Myths of meritocracy: caste, karma and the new racism, a comparative study

Research output: Contribution to journalArticlepeer-review

2 Scopus citations


The discourse of karma (behaviour), confounded with inherent psychic and material substance of the person/group (guna), was at the heart of India’s caste ideology. This systematic and intuitive, albeit convoluted and phantasmic doctrine was critical to bridge the discrepancy between a pantheistic religious imaginary and the reality of exclusion and abjection. Although “karma” evokes an exotic orient, this ideology is near identical with the ideas of “idleness” and “instant gratification” used to make sense of racial inequities in the contemporary United States. In both cases, the idea of behavioural and moral deficiency is used to justify evident abjection and discrimination, within the frame of an encompassing ideology of social equality. Thus, this use of the notions of “work” and “discipline”, extrapolated to the moral quality of the group or individual, is no passing argument of the “new racism”. It is a proven ploy of assigning blame on the victim.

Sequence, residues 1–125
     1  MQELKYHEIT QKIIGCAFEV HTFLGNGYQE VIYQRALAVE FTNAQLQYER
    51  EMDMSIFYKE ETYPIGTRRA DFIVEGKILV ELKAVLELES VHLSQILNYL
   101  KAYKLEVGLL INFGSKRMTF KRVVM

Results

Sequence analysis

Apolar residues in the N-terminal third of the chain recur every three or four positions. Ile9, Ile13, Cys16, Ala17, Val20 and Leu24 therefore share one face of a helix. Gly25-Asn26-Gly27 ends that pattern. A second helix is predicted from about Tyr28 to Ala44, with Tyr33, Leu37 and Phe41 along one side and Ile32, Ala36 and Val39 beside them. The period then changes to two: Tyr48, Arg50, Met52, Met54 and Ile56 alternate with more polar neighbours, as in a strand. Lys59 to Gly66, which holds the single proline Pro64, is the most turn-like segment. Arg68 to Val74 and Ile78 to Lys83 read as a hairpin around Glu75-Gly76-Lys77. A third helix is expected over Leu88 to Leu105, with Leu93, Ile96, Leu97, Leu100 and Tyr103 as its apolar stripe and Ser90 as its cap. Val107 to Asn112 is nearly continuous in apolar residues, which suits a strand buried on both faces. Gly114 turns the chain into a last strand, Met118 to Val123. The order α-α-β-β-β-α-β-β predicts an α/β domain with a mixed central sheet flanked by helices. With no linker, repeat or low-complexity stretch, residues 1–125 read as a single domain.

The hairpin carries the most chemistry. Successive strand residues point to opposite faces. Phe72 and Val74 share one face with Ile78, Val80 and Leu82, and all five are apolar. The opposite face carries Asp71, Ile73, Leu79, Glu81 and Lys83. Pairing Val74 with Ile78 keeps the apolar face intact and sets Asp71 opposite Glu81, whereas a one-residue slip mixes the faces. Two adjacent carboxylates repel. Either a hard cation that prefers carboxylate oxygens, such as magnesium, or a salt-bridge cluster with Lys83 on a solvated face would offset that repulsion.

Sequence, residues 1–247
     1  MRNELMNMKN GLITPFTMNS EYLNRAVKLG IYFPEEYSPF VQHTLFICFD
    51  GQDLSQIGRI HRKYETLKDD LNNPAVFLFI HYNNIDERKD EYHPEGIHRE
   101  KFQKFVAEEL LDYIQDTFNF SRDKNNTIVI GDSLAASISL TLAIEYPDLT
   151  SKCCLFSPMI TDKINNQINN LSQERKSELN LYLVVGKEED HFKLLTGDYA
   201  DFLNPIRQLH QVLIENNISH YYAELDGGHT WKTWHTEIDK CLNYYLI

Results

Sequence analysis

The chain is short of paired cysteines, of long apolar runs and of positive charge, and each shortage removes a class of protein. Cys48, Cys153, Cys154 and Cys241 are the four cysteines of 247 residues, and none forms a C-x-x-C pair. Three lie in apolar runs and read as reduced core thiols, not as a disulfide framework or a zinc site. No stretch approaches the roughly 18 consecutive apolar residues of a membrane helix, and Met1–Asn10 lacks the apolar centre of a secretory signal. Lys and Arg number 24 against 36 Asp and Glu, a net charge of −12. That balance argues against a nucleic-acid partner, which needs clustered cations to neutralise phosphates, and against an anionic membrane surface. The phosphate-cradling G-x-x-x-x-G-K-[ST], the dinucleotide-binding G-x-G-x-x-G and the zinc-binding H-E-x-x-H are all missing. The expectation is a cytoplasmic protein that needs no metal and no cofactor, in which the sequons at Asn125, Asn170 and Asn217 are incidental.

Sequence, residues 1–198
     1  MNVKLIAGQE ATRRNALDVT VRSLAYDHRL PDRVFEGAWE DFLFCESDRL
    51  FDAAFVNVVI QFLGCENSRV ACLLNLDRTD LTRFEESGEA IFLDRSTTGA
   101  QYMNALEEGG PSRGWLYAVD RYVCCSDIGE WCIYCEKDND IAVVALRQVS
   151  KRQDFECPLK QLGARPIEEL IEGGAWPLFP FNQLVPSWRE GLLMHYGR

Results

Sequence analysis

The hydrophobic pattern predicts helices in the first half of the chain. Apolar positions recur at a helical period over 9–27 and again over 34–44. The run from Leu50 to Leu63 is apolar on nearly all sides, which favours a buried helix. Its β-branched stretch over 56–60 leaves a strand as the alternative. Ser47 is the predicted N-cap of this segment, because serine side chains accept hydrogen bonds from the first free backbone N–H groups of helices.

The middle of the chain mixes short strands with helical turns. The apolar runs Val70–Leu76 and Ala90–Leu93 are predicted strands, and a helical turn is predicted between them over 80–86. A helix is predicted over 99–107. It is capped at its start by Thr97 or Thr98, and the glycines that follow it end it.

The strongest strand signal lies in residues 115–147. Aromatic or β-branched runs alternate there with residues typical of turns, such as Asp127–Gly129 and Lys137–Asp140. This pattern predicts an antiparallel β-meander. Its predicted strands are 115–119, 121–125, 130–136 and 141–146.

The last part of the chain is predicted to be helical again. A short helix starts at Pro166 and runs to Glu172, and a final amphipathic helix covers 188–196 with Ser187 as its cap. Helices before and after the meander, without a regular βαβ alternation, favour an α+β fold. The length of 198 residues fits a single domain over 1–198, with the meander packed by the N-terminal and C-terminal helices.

Original languageEnglish
Pages (from-to)2693-2710
Number of pages18
JournalEthnic and Racial Studies
Issue number15
StatePublished - 8 Dec 2018


  • Race
  • caste
  • guna
  • karma
  • meritocracy
  • neo-liberalism


Dive into the research topics of 'Myths of meritocracy: caste, karma and the new racism, a comparative study'. Together they form a unique fingerprint.

Cite this